Bacteria in the gut may be a cause of Parkinson’s disease, study finds

The study found that a microbe known as Desulfovibrio may play a key role in the development of Parkinson's disease.
Mrigakshi Dixit
Representative image
Learning more about the causes of Parkinson's


Parkinson's disease is a progressive brain disorder often characterized by uncontrollable movements. Despite years of scientific research, the exact cause of this disease remains unknown. While even the role of genetic changes in Parkinson's disease is also not fully understood. Individual genes, according to experts, cause only a small percentage of Parkinson's disease (roughly 10 percent).

A new study has now sought a possible explanation for the disease's progression.

Bacteria, the main culprit?

The study found that a microbe known as Desulfovibrio, which is found in the human gut, may play a key role in the development of Parkinson's disease.

“The findings indicate that specific strains of Desulfovibrio bacteria are likely to cause Parkinson’s disease. The disease is primarily caused by environmental factors, that is, environmental exposure to the Desulfovibrio bacterial strains that cause Parkinson’s disease,” said Professor Per Saris from the University of Helsinki in an official release.

Certain strains of this bacteria excrete compounds that cause neuronal proteins, alpha-synuclein, found inside brain cells to form toxic clumps. These proteins are generally studied to examine the pathology of this debilitating disease.

The researchers tried to investigate if the Desulfovibrio strains found in Parkinson's patients caused the formation of these protein clumps or not. The team conducted this study on the model organism: the worm Caenorhabditis elegans. These worms were fed with Desulfovibrio bacteria obtained from Parkinson's patients.

The findings show that the presence of these bacteria strains caused significant aggregation of the α-synuclein protein in a model organism for Parkinson's disease. 

Bacteria in the gut may be a cause of Parkinson’s disease, study finds
Aggregation of alpha-synuclein in a nerve cell.

However, the results showed that Desulfovibrio strains isolated from healthy individuals did not cause the same level of protein accumulation. While the clumps formed by these bacteria strains in Parkinson's disease patients were also found to be larger.

“Our findings make it possible to screen for the carriers of these harmful Desulfovibrio bacteria. Consequently, they can be targeted by measures to remove these strains from the gut, potentially alleviating and slowing the symptoms of patients with Parkinson’s disease. Once the Desulfovibrio bacteria are eliminated from the gut, α-synuclein aggregates are no longer formed in intestinal cells, from which they travel towards the brain via the vagus nerve like prion proteins,” concludes Saris.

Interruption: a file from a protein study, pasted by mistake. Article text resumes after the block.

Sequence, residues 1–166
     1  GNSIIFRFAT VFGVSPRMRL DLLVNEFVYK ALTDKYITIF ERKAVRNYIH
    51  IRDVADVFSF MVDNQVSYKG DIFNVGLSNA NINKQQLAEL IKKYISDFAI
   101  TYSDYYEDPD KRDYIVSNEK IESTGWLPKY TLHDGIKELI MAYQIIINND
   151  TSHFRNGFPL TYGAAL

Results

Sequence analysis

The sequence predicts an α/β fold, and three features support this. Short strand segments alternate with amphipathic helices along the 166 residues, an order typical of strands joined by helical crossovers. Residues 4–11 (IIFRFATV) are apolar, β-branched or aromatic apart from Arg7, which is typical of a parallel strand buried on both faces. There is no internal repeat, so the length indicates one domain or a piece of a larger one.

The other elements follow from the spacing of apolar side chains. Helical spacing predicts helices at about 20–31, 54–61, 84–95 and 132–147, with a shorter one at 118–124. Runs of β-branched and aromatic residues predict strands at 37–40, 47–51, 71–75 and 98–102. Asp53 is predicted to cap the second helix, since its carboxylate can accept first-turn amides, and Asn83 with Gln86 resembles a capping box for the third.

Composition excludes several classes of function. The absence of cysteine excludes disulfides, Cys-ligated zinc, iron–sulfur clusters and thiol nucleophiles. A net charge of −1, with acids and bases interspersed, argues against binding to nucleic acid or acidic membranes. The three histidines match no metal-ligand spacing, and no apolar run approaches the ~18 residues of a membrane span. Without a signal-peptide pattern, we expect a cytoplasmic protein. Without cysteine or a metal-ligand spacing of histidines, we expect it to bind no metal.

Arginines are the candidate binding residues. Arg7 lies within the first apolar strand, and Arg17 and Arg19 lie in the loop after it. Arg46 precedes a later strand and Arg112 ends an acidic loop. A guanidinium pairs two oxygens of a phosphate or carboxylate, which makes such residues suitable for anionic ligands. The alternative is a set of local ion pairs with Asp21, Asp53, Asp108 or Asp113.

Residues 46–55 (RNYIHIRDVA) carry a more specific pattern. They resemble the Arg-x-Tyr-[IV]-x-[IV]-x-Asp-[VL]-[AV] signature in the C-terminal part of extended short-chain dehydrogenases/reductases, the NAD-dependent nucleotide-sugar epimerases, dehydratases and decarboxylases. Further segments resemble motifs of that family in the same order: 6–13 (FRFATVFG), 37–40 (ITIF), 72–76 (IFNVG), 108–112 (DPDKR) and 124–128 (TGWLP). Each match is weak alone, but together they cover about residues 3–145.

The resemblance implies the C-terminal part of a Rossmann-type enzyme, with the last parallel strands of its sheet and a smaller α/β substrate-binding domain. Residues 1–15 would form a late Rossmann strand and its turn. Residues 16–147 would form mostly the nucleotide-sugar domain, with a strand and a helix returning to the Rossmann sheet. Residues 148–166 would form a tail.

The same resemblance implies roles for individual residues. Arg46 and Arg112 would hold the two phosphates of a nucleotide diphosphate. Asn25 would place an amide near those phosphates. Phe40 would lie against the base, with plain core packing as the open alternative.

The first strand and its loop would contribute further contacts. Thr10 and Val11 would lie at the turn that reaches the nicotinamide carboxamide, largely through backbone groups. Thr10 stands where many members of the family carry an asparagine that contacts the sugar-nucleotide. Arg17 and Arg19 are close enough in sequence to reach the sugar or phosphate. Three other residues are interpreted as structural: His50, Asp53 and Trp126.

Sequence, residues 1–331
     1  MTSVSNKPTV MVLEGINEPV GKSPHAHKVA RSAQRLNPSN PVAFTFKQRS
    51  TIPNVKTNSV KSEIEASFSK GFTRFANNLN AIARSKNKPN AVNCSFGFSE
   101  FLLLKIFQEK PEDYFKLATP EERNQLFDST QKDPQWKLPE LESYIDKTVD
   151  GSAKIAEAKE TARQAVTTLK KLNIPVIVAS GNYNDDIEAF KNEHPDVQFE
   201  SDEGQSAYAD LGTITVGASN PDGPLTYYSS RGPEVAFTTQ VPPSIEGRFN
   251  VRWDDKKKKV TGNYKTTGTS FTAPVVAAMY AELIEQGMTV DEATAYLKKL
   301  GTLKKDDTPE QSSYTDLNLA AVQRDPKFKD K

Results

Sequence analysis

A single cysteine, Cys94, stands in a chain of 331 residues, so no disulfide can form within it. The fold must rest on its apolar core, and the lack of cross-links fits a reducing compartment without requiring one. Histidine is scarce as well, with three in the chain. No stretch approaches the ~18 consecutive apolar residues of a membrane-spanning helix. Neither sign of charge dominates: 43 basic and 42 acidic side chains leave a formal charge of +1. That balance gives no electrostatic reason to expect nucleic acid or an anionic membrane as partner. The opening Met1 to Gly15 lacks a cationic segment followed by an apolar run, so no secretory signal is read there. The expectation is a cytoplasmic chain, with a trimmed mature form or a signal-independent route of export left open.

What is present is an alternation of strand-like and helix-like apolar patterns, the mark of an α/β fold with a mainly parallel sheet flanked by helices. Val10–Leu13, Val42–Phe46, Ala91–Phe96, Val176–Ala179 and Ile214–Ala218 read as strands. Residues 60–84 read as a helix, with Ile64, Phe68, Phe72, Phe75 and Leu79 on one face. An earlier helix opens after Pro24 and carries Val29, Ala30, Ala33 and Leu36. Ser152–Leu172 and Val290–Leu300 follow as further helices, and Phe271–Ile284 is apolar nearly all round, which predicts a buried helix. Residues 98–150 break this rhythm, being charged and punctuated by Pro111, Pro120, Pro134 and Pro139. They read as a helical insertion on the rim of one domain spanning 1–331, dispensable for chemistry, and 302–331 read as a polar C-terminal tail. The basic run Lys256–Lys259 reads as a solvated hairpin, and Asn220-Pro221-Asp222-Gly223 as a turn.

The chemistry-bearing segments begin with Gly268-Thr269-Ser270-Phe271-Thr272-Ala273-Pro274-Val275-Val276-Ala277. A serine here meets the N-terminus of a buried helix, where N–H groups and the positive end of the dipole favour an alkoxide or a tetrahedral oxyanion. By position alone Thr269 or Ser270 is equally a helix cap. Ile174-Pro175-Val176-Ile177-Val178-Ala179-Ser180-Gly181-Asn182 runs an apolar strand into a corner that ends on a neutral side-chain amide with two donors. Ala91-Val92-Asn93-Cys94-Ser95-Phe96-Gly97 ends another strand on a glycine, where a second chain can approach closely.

The study is conducted by researchers from the University of Helsinki and the University of Eastern Finland. The study has been published in the journal Frontiers in Cellular and Infection Microbiology.

Study abstract:

Introduction: The aggregation of the neuronal protein alpha-synuclein (alpha-syn) is a key feature in the pathology of Parkinson’s disease (PD). Alpha-syn aggregation has been suggested to be induced in the gut cells by pathogenic gut microbes such as Desulfovibrio bacteria, which has been shown to be associated with PD. This study aimed to investigate whether Desulfovibrio bacteria induce alpha-syn aggregation.

Methods: Fecal samples of ten PD patients and their healthy spouses were collected for molecular detection of Desulfovibrio species, followed by bacterial isolation. Isolated Desulfovibrio strains were used as diets to feed Caenorhabditis elegans nematodes which overexpress human alpha-syn fused with yellow fluorescence protein. Curli-producing Escherichia coli MC4100, which has been shown to facilitate alpha-syn aggregation in animal models, was used as a control bacterial strain, and E. coli LSR11, incapable of producing curli, was used as another control strain. The head sections of the worms were imaged using confocal microscopy. We also performed survival assay to determine the effect of Desulfovibrio bacteria on the survival of the nematodes.

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